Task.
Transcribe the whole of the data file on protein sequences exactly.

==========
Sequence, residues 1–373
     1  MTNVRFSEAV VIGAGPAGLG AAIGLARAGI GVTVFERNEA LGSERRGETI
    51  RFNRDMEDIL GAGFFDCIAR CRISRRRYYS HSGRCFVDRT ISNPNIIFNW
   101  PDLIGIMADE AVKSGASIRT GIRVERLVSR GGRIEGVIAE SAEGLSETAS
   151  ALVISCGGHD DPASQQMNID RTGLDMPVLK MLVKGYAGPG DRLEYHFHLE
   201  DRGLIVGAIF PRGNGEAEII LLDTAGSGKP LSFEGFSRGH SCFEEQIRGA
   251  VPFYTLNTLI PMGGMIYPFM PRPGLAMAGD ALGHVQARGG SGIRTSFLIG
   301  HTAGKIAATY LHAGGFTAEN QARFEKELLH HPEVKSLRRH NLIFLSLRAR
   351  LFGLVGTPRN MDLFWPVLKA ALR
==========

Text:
Sequence, residues 1–373
     1  MTNVRFSEAV VIGAGPAGLG AAIGLARAGI GVTVFERNEA LGSERRGETI
    51  RFNRDMEDIL GAGFFDCIAR CRISRRRYYS HSGRCFVDRT ISNPNIIFNW
   101  PDLIGIMADE AVKSGASIRT GIRVERLVSR GGRIEGVIAE SAEGLSETAS
   151  ALVISCGGHD DPASQQMNID RTGLDMPVLK MLVKGYAGPG DRLEYHFHLE
   201  DRGLIVGAIF PRGNGEAEII LLDTAGSGKP LSFEGFSRGH SCFEEQIRGA
   251  VPFYTLNTLI PMGGMIYPFM PRPGLAMAGD ALGHVQARGG SGIRTSFLIG
   301  HTAGKIAATY LHAGGFTAEN QARFEKELLH HPEVKSLRRH NLIFLSLRAR
   351  LFGLVGTPRN MDLFWPVLKA ALR